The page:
In our latest edition of The Credera Brief video series, Credera Principal Brooks Grigson clarifies the differences between a proof of concept (POC) and minimum viable product (MVP) and shares why it’s important to keep these straight.
Defining POCs and MVPs
Part of the confusion between POCs and MVPs comes from the conflation of the term “concept.” A POC is generally used by engineering teams to test how hardware or software behaves in the technology ecosystem. This means if you’re not on an engineering team, a POC is irrelevant.
This is where the MVP enters the equation. As Eric Riles, author of The Lean Startup explains, an MVP is any version of the product that can begin the process of learning using the build-measure-learn feedback loop. Many organizations struggle to see past the term product in that definition and expect a fully functional, market-ready product on day one.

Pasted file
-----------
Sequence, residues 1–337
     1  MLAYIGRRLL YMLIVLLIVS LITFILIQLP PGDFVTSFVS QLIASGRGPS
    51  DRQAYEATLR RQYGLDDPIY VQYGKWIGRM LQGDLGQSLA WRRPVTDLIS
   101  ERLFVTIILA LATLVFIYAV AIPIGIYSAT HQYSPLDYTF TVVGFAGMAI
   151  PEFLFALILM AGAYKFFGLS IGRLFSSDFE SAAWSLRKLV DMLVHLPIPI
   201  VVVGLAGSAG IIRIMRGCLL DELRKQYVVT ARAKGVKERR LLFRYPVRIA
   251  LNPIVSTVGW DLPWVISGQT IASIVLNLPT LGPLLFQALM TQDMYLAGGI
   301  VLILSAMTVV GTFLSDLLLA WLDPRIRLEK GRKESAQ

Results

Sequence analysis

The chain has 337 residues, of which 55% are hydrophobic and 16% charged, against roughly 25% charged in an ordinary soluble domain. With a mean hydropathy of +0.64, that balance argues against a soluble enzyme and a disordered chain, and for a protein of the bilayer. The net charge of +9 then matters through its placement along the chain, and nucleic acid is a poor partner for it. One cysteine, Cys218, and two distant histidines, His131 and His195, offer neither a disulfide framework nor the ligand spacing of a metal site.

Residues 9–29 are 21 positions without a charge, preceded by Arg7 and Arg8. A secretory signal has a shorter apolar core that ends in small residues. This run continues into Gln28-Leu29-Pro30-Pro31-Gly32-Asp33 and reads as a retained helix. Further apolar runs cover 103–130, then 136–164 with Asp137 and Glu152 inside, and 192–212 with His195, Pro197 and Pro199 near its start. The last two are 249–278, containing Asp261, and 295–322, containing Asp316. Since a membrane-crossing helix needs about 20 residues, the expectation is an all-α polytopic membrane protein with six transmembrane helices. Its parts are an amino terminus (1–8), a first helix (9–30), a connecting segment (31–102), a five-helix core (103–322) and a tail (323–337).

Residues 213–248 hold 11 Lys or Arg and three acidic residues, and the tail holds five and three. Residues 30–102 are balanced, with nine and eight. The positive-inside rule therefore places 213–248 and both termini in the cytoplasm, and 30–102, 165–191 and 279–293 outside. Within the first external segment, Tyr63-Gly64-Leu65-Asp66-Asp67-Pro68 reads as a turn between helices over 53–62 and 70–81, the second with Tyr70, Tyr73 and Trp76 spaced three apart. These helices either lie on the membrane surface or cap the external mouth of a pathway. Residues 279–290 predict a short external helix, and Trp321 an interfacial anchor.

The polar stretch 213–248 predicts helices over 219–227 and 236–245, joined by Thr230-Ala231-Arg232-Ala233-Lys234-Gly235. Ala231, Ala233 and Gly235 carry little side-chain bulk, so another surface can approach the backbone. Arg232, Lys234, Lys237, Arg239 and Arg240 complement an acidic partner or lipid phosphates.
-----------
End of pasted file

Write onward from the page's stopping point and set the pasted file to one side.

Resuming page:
To address this issue, Marty Cagan, In his book Inspired, suggests that product teams use the term “minimum viable prototype” instead. Product teams utilize prototypes as an experiment to gain understanding quickly and cheaply—if a prototype proves viable, this will inform the priority of the product backlog.
Using distinct terminology helps team members and colleagues understand goals, challenges, and differences more clearly. Understanding these differences helps stakeholders focus on the right thing, reduces time wasted, and allows you to focus on creating great experiences for your customers.
The Credera Brief
At Credera, we believe the toughest business challenges are best solved by a team—a team who works together to share knowledge to accomplish their goals.
We created The Credera Brief series to distill trends and ideas from Credera leaders and experts. These short-form videos share different insights and perspectives across the topic spectrum from MarTech and innovation to strategy and technology.